Despite its relative youth, 4creative is working with some big advertisers.
It produced a print brochure this year with NPower, the sponsor of Channel 4's home improvement shows. The branding was minimal and provided editorial value through advice and tips.
4creative still undertakes 30-40 per cent of Channel 4's work, but it doesn't automatically get assigned it: it has to pitch alongside other agencies.
The most famous and controversial of all the in-house ad campaigns, Benetton built its business on a communications strategy that many agencies would never have endorsed.
Benetton's creative chief, Oliviero Toscani, started working for Benetton in the early 80s and his controversial approach to advertising and, in particular, his worldwide campaign about capital punishment, kept Benetton very much in the public eye for the rest of the decade. Toscani focused on issues such as Aids, war and discrimination.
Using advertising to highlight global issues is a vital ingredient of the Benetton brand, according to Federico Sartor, a spokesperson at the Benetton Group. "Luciano Benetton (the company's founder) thought that ads should spring from the heart of the company and believed that you cannot delegate ads. Communication is to say who you are, and who is better placed to do this than people who work for the company?"
So has the fashion brand ever contemplated working with an agency? "Agencies often approach us, but for Benetton, there is no other way to work except with people in the company."
Today, the company doesn't employ a creative director. Instead it has Fabrica, an in-house unit that creates its advertising and manages media buying (with the exception of outdoor, which is organised through a specialist).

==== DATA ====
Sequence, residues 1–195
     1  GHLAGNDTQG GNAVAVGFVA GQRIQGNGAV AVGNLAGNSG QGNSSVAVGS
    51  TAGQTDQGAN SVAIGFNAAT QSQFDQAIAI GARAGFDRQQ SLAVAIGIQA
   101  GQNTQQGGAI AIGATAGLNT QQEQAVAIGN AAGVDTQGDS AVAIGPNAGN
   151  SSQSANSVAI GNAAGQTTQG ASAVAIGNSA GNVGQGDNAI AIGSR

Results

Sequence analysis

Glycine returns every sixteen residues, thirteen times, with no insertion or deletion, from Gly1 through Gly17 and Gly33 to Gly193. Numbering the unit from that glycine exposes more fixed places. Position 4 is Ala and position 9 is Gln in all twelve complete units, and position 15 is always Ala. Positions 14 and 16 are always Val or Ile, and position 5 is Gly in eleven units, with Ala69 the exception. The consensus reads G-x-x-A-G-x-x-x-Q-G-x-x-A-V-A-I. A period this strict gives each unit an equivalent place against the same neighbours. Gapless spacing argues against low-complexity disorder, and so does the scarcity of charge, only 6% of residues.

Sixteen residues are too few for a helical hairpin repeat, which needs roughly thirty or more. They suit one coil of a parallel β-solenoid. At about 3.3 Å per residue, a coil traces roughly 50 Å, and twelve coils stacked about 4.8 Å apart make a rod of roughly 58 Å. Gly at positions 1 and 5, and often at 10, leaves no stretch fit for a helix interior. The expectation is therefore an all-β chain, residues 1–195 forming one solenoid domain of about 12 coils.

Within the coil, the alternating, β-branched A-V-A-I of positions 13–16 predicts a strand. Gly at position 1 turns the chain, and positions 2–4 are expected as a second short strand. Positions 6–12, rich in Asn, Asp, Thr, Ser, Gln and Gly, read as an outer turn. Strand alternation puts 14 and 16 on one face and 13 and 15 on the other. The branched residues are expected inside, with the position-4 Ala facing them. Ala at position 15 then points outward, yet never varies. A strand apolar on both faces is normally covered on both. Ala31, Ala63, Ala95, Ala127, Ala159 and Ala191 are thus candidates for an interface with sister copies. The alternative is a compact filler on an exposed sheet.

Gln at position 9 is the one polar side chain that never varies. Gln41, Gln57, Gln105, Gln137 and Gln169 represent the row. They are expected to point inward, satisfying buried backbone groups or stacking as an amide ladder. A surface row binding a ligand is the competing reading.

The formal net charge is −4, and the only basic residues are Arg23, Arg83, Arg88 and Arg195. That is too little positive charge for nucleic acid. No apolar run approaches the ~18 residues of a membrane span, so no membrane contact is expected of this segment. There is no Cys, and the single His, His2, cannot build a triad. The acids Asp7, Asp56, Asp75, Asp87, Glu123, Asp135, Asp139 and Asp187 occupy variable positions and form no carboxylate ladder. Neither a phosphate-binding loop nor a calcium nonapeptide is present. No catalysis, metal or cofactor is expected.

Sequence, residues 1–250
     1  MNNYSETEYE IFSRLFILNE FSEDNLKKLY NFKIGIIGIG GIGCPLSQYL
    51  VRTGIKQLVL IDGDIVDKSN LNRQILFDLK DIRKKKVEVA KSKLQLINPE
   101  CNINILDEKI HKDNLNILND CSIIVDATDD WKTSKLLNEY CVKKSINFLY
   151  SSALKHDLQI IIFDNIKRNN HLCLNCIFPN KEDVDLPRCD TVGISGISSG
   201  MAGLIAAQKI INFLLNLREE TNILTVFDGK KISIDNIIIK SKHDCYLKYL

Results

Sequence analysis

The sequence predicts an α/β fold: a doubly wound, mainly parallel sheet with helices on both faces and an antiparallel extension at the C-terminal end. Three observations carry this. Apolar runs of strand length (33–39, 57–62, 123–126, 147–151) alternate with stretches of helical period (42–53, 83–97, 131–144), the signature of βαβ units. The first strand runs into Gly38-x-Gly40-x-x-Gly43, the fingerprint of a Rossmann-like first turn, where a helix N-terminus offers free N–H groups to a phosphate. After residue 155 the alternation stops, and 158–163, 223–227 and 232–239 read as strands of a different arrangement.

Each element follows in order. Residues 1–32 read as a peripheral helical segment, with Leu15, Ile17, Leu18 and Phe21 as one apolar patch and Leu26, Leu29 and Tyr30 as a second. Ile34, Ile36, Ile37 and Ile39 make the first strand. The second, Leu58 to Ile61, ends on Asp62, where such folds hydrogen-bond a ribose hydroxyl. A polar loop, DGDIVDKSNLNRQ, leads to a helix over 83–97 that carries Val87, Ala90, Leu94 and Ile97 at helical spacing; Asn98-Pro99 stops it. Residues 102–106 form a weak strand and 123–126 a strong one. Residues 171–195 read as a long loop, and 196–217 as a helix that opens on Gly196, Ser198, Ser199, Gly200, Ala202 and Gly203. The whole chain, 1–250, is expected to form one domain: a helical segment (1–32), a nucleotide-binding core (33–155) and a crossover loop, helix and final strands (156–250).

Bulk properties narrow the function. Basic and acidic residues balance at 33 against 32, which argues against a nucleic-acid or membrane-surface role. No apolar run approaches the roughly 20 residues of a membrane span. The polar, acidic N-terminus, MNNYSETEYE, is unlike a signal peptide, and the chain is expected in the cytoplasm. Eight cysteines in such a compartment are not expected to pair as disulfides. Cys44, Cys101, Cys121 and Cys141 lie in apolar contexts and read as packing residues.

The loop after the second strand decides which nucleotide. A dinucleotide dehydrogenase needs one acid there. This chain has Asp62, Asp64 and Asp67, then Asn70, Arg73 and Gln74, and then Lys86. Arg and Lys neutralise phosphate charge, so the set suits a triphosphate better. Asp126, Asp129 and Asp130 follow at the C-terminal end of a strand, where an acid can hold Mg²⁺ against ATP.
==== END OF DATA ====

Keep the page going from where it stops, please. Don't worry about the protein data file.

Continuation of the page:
Fabrica is a 40-strong team, managed by Benetton's head of advertising, Paolo Landi. So what kind of attitudes do Landi and Fabrica bring to Benetton's advertising now?
"We haven't changed our approach to our advertising," Sartor says. "We are still looking to reflect real life in our communication. We are not interested in advertising where everything is perfect and beautiful. Our models come from the streets, so the idea of beauty is normal beauty.
We don't use famous models or famous faces. But creatively speaking, times have changed. What was controversial ten or 15 years ago is not controversial now. We once used an image of a black woman feeding a white baby and that was a culture shock ten years ago." So while the approach might have changed, Benetton is as committed to its in-house solution as ever.
CRK Advertising is the in-house advertising agency for all Calvin Klein-branded products.
CRK Advertising believes in the importance of controlling all aspects of Calvin Klein's image. As the agency sees it, that encompasses everything from stationery and business cards to print and television advertising campaigns.
The in-house agency is part of the brand. It works only on Calvin Klein, with the idea being that its creative people have an intrinsic and natural respect for, and understanding of, the brand and its image.
That said, CRK Advertising has the freedom to collaborate with outside creatives at any time. Occasionally, it will work with outside creative teams. For instance, it collaborated with Fabien Baron of Baron & Baron on the brand's new men's fragrance, Crave.
The in-house agency admits that, if it came across the right team in the right agency, it would consider working with them. But its policy is typically to collaborate with top creative people and their studios rather than having a traditional agency/client relationship.
This article was first published on campaignlive.co.uk